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J Natl Med Assoc. 2010 Jun;102(6):452-60.

Mammography screening trends: the perspective of African American women born pre/post World War II.

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Department of Obstetrics, Gynecology, and Reproductive Biology, College of Human Medicine, Michigan State University, East Lansing, Michigan 48824-1316, USA.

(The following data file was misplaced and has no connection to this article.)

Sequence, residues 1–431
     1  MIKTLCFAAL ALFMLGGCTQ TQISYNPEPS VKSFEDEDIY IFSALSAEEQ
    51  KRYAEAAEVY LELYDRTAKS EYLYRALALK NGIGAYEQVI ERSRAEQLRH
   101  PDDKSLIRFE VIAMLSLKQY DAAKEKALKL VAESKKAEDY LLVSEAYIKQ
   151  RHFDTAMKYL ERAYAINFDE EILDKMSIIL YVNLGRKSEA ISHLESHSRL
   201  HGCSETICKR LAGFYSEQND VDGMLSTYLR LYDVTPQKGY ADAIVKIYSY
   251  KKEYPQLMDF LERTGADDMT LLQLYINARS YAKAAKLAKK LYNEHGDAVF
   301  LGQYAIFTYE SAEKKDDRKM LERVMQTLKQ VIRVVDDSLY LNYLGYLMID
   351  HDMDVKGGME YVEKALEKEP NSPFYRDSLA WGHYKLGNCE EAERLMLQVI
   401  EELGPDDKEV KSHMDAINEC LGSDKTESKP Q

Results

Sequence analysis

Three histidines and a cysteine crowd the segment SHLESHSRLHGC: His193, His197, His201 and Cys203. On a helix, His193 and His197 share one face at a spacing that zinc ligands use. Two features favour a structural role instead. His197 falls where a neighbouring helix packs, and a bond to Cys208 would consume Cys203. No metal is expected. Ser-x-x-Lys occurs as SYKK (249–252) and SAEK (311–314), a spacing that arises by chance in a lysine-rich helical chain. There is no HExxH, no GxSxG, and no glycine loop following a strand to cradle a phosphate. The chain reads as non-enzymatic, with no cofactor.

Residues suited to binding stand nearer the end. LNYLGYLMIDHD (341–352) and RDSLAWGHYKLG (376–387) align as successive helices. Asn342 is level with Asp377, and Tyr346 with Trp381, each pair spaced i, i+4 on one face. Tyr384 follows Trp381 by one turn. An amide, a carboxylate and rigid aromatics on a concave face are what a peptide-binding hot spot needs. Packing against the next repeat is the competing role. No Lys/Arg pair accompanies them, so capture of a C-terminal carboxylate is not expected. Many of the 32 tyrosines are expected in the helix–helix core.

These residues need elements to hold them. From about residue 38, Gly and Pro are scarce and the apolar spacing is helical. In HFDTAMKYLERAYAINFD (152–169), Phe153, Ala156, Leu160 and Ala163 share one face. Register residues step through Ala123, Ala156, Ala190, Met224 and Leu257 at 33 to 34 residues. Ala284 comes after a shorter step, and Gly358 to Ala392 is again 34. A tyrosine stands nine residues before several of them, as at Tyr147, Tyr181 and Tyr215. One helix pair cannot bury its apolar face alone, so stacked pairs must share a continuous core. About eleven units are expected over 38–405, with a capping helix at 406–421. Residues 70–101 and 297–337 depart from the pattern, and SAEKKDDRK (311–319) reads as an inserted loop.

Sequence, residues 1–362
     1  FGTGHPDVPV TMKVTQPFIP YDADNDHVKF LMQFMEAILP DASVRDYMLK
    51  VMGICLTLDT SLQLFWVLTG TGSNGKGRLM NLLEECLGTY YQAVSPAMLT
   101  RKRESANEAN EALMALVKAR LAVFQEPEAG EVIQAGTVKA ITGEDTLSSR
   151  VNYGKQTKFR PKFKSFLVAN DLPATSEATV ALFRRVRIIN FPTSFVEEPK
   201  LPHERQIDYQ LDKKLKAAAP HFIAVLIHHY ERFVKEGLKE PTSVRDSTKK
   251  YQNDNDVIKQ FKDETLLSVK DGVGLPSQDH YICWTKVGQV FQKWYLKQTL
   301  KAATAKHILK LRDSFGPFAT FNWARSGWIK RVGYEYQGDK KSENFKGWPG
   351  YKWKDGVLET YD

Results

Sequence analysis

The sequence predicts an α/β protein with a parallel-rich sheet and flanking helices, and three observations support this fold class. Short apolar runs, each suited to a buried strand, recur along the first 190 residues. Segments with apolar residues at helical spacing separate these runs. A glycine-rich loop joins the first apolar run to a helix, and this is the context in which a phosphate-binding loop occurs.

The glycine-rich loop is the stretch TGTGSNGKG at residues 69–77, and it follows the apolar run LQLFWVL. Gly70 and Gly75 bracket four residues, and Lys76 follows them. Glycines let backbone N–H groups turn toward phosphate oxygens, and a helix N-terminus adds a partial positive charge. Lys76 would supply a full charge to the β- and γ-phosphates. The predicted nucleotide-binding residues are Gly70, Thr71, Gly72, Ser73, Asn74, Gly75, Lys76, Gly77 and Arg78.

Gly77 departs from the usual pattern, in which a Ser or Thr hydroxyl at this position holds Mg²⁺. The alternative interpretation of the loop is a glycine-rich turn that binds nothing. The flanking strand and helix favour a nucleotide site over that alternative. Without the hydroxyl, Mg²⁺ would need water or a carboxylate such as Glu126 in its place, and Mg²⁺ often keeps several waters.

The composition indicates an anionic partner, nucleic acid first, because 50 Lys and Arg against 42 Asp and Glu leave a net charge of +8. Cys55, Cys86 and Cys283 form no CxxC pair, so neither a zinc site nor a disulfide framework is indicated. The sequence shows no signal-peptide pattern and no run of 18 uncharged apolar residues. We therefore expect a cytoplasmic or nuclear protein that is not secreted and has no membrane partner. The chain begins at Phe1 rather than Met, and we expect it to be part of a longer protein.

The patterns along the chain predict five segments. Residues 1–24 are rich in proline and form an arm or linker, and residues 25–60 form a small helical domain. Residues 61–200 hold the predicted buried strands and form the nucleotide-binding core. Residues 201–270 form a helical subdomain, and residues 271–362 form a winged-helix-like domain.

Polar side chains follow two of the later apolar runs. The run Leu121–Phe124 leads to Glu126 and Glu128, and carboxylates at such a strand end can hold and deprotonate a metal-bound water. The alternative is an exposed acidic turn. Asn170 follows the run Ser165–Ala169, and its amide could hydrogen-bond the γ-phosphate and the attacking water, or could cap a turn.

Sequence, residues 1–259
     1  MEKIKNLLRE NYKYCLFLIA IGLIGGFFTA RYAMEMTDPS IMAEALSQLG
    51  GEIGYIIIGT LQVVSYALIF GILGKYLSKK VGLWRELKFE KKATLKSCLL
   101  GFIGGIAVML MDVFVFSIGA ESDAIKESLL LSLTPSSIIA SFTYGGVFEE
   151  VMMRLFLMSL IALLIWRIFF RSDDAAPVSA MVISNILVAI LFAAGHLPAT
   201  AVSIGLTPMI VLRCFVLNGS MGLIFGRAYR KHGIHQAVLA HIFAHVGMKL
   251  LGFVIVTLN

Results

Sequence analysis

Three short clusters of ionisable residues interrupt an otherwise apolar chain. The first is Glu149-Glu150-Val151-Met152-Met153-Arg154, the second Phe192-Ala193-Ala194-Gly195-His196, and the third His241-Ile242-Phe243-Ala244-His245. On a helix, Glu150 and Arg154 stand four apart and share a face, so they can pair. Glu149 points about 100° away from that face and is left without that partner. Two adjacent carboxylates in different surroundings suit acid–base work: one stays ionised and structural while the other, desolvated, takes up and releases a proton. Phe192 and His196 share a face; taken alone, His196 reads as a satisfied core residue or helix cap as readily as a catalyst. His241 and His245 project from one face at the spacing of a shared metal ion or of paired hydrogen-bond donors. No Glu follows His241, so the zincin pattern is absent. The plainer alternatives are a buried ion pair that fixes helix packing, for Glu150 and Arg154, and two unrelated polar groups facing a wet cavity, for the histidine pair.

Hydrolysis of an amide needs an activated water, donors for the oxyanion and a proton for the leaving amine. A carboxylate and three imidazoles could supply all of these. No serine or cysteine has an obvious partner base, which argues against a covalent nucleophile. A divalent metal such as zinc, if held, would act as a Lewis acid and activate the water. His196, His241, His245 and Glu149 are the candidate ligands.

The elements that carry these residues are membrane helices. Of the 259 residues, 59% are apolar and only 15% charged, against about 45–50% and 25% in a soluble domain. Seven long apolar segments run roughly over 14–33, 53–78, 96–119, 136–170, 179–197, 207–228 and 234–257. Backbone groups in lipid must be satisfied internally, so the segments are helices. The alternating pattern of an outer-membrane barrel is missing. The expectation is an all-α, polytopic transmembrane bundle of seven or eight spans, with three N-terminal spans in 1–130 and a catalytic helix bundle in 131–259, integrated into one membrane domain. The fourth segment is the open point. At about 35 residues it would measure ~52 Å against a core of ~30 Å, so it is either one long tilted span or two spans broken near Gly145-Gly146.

Researchers have traditionally combined aging women (aged > or =50 years) when reporting their mammography use. This may inadvertently mask important cohort effects in mammography use, which are likely to result from distinct personal life experiences and generational differences. Using the Health and Retirement Study samples of 1998, 2000, and 2004, we examined cohort differences in mammography use between African American women born before 1946 (non-baby boomers) and those born in 1946 to 1953 (baby boomers). Between 1998 and 2004, screening rates for non-baby boomers declined, while those for baby boomers remained relatively steady. Hierarchical linear modeling (HLM) analyses suggest that while screening rates decreased with age (OR, 0.957; 95% CI, 0.947-0.968) cohort effects may have partially reversed the age effect, with non-baby boomers having an increased likelihood of receiving a mammogram compared to baby boomers (OR, 1.697; 95% CI, 1.278-2.254). Because African American women are diagnosed at later stages of breast cancer, documentation of cohort differences in mammography use among older African American women is important as health care professionals design intervention programs that are maximally effective for women from different cohorts. This is particularly critical as more African American women in the baby boomer cohort become part of the aging population.

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